Kelly and the children as " cross-defendants"
because, the Duncans asserted, Chamblee's "
cross-claims" were untimely. The trial court denied
the trial court's refusal to enter an order expressly
making Kelly and the children parties in the severed action,
guardians ad litem for the three children who were still
minors appeared in the severed action and moved the trial
court to dismiss Chamblee's claims against the minor
children. The trial court granted the minor children's
motion to dismiss. Neither Kelly nor Jeffery ever appeared in
the severed action.
November 21, 2014, after a nonjury trial in the severed
action, the trial court entered a judgment in favor of the
Duncans and against Chamblee. The trial court awarded Paul
compensatory damages in the amount of $10,000 and awarded
Deborah Duncan (" Deborah" ) compensatory damages
in the amount of $5,000. The trial court also stated that
clear and convincing evidence had been presented indicating
that Chamblee was guilty of " wanton and intentional
conduct" in the filing of and the refusal to terminate
the lis pendens notices. Accordingly, the trial court awarded
Paul punitive damages in the amount of $15,000 and awarded
Deborah punitive damages in the amount of $7,500. Chamblee
testified that, sometime in 2007, while he was cutting timber
in St. Clair County pursuant to a purported timber deed he
had been given, Chamblee approached him and claimed that
Duncan did not have a right to cut the timber. In February
2007, Chamblee sent a letter to Paul informing him that
Chamblee had filed the original complaint against Paul and
that he had, in addition, filed a lis pendens notice against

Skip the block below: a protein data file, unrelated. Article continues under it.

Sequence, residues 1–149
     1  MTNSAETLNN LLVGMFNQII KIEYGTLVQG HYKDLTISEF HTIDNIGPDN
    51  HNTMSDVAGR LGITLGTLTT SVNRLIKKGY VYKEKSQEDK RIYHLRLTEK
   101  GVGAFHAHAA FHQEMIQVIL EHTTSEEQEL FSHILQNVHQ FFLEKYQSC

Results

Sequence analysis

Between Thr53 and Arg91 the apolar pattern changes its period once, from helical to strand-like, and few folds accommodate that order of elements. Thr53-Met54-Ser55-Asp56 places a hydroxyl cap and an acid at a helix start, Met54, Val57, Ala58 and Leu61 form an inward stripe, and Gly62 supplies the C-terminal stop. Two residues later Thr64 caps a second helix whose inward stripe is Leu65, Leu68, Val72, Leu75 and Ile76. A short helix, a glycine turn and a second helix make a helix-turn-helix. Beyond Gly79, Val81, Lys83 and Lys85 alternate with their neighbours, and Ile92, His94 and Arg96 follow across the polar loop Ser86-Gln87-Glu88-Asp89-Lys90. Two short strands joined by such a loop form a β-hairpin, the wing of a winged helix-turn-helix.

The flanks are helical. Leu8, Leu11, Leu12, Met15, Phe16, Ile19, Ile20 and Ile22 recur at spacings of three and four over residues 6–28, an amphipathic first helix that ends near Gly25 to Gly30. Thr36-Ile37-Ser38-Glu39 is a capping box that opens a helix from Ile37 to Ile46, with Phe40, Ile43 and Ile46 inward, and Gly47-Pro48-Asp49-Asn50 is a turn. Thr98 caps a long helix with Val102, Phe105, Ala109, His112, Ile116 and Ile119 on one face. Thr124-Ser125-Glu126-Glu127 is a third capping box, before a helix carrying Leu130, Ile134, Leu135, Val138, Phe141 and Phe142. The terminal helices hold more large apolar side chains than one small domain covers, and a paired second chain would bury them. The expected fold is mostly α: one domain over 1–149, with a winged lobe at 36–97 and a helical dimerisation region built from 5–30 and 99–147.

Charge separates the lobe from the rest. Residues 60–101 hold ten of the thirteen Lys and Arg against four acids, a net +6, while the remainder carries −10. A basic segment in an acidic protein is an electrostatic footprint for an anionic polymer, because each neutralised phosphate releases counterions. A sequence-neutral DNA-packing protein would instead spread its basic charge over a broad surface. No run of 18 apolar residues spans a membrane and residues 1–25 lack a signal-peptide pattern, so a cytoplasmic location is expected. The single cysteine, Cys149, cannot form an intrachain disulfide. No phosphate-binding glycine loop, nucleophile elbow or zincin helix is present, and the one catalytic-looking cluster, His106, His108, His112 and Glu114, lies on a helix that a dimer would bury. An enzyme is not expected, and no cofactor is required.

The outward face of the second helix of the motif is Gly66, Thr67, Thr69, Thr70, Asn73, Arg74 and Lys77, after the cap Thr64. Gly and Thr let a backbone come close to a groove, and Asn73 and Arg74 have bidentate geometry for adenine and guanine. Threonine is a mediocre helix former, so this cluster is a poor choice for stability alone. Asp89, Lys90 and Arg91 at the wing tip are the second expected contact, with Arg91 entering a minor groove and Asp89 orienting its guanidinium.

any and all of Paul's real property located in St. Clair
County. Thereafter, Paul hired an attorney, and, Paul
asserted, he decided to sell some land he owned in Etowah
County in order to pay the attorney's fees he anticipated
he would owe.
Cornett, the attorney who represented the Duncans in the
original action, testified during the trial in the severed
action that, when Paul was sued, he, as the Duncans'
counsel, had received a copy of the original complaint and
the lis pendens notice that had been filed in St. Clair
County. Cornett testified that he had suspected that the lis
pendens notice was invalid under applicable law because it
was against real property that was not the subject matter of
the original action. He testified that it had taken him only
35 minutes of researching the issue to reach that conclusion.
testified that he had sent Chamblee a letter via certified
mail on March 6, 2007, which Chamblee admitted he had
received, demanding that Chamblee terminate the lis pendens
notice directed at the Duncans' real property in St.
Clair County. According to Cornett, the letter specifically
explained in detail why the lis pendens notice was improper.
Because Cornett did not receive a response to his letter, he
sent Chamblee an additional letter on May 17, 2007, again
stating that the lis pendens notice was improper.
September or October 2007, Roscoe Johnson, a title agent for
a lender in Gadsden, performed a title search regarding real
property that the Duncans owned in Etowah County, which the
Duncans had decided to sell. According to Johnson, his title
search revealed that a lis pendens notice had been filed
" against all of the property that [the Duncans] owned
in [Etowah] county." Johnson testified that he had
informed Cornett of the additional lis pendens notice.
Because the Duncans had recently scheduled a closing on the
sale of the Etowah County property, Cornett filed an
emergency motion in the original action requesting the trial
court to quash both the lis pendens notice filed in Etowah
County and the lis pendens notice filed in St. Clair County.
Chamblee filed an opposition to the motion to quash the lis
pendens notices, he conceded in that opposition that both of
the notices were improper and
invalid. Nevertheless, Chamblee stated in his opposition that
he had decided to not terminate the lis pendens notices when
he received the letters from Cornett because, he claimed, he
had " reasoned that he was being called upon to act upon
a void or invalid document [i.e., the lis pendens
notices]" and, therefore, had " declined to act on
such futile or fruitless matter." On or about November
1, 2007, the trial court in the original action entered
orders quashing both lis pendens notices. The orders
specifically acknowledged that Chamblee had conceded that the